Boys generally prefer toys such as trucks and balls and girls generally prefer toys such as dolls. It is possible that hormones shape the development of a child’s brain to prefer certain types of toys or styles of play behavior, but children also learn which types of toys and which styles of play are appropriate to their gender. Studies of vervet monkeys and rhesus monkeys find that females prefer girl-typical toys, and males prefer boy-typical toys, with no sex differences in preference for gender-neutral toys. While society likely reinforces stereotypical responses to gender-typical toys in human children, sex differences in toy preferences emerge by 12 or 24 months of age and seem fixed by 36 months of age. Studies using eye-tracking indicate that infants as young as three months show stereotypical sex differences in toy preferences. Additionally, in a dose-response relationship, girls diagnosed with congenital adrenal hyperplasia (CAH) played with masculine toys more often than girls without CAH, suggesting that prenatal hormones may affect later toy preferences.

    Aggressive behavior may occur when two (or more) individuals are in conflict, typically over limited resources such as territories, food, and mates. Evidence strongly suggests that androgens mediate aggressive behavior across many species. Seasonal variations in testosterone levels and variations in aggression coincide; aggressive behaviors increase at puberty (when the testes become active and androgens rise); in any given species, males are generally more aggressive than females; and castration (removal of the testes) typically reduces aggression in males, while testosterone replacement therapy restores aggression. Human males are much more physically aggressive than females, and these sex differences appear very early. It is possible that boys are more aggressive than girls because androgens promote aggressive behavior, it could be due to exposure to androgens prenatally, or boys may be encouraged to act in aggressive ways. These three hypotheses are not mutually exclusive, but it is extremely difficult to discriminate among them to account for sex differences in human aggressiveness. In many animal species (mice, rats, hamsters, voles, dogs, and possibly some primates), aggressive behavior is both organized and activated by androgens.

    Sexual strategies theory describes the psychology of human mating strategies and the ways in which women and men differ in those strategies. Because differences in parental investment are so large between males and females- men have little necessary investment and consequently don't need to make wise choices, whereas mating decisions for women are much more important (since a minimum of none months carrying the child is required)- women are predicted to be choosier than men in short-term mating. Thus, men will sometimes deceive women for the benefit of short-term sex, and men are more likely than women to lower their mating standards for short-term mating situations. However, when choosing long-term mates, the qualities women and men seek are very similar: mates who are intelligent, kind, understanding, healthy, dependable, honest, loyal, loving, and adaptable. There are nonetheless some universal differences in mate preference- women desire mates who possess resources (and are willing to share them), and men more strongly desire youth and health in women (as both are cues to fertility).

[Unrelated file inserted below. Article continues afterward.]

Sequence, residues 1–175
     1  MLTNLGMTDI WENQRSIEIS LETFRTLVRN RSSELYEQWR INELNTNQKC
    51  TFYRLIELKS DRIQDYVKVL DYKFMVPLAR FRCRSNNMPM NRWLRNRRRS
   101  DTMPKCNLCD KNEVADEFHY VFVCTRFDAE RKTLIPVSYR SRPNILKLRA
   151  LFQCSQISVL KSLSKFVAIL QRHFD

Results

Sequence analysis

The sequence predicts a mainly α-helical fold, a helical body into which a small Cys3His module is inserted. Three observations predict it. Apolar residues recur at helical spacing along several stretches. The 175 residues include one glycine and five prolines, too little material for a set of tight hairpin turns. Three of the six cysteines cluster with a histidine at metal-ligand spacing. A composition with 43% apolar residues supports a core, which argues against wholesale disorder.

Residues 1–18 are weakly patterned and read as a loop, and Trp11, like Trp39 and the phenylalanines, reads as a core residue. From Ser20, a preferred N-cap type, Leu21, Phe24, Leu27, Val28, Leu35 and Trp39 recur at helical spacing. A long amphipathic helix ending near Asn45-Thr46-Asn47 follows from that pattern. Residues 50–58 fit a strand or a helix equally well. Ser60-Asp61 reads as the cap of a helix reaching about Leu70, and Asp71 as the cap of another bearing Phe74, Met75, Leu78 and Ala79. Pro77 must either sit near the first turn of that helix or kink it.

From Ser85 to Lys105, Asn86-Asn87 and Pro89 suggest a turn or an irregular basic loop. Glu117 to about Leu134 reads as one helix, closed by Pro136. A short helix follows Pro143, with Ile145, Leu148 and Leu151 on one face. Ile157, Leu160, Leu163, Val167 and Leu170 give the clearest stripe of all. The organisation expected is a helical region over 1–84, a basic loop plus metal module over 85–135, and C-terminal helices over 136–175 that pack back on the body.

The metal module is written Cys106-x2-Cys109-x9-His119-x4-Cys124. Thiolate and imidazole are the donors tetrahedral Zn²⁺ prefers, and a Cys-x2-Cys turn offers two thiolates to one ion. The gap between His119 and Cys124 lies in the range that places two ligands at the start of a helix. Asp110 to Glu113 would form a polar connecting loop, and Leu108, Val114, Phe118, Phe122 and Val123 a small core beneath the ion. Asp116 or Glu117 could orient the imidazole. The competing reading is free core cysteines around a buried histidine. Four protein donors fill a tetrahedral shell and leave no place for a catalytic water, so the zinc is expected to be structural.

References

    Note: These references are specifically those added to the content of this page by Naomi Bahm and do not include citations from the outside sources used. Refer to the text attributions to locate citations for articles from other sources.

    Bailey, J.M., Vasey, P.L., Diamond, L.M., Breedlove, S.M., Vilain, E., & Epprecht, M. (2016). Sexual orientation, controversy, and science. Psychological Science in the Public Interest, 17(2), 45-101. doi: 10.1177/1529100616637616

    Daly. M., & Wilson, M. (1996). Evolutionary psychology and marital conflict. In Buss, D.M., & Malamuth, N.M. (editors), Sex, Power, Conflict: Evolutionary and Feminist Perspectives. Oxford University Press.

    Goldstein, J., Seidman, L.J., Horton, N.J., Makris, N., Kennedy, D.N., Caviness, V.S. Jr., Faraone, S.V., & Tsuang M.T. (2001). Normal sexual dimorphism of the adult human brain assessed by in vivo magnetic resonance imaging. Cerebral Cortex, 11, 490-497.

    Jaffe, K.E. (2019). Chapter 6: Primate Behavior and Ecology. In Shook, B., Nelson, K., Aguilera, K.& Braff, L. (editors), Explorations: An Open Invitation to Biological Anthropology. American Anthropological Association, licensed CC BY-NC 4.0 International, ISBN 978-1-931303-63-7

    Joel, D., Berman, Z., Tavor, I., Wexler, N., Gaber, O., Stein, Y., Shefi, N., Pool, J., Urchs, S., Margulies, D.S., Liem, F., Hänggi, J., Jäncke, L. & Assaf, Y. (2015). Sex beyond the genitalia: The human brain mosaic. PNAS, 112(50), 15468-15473. https://doi.org/10.1073/pnas.1509654112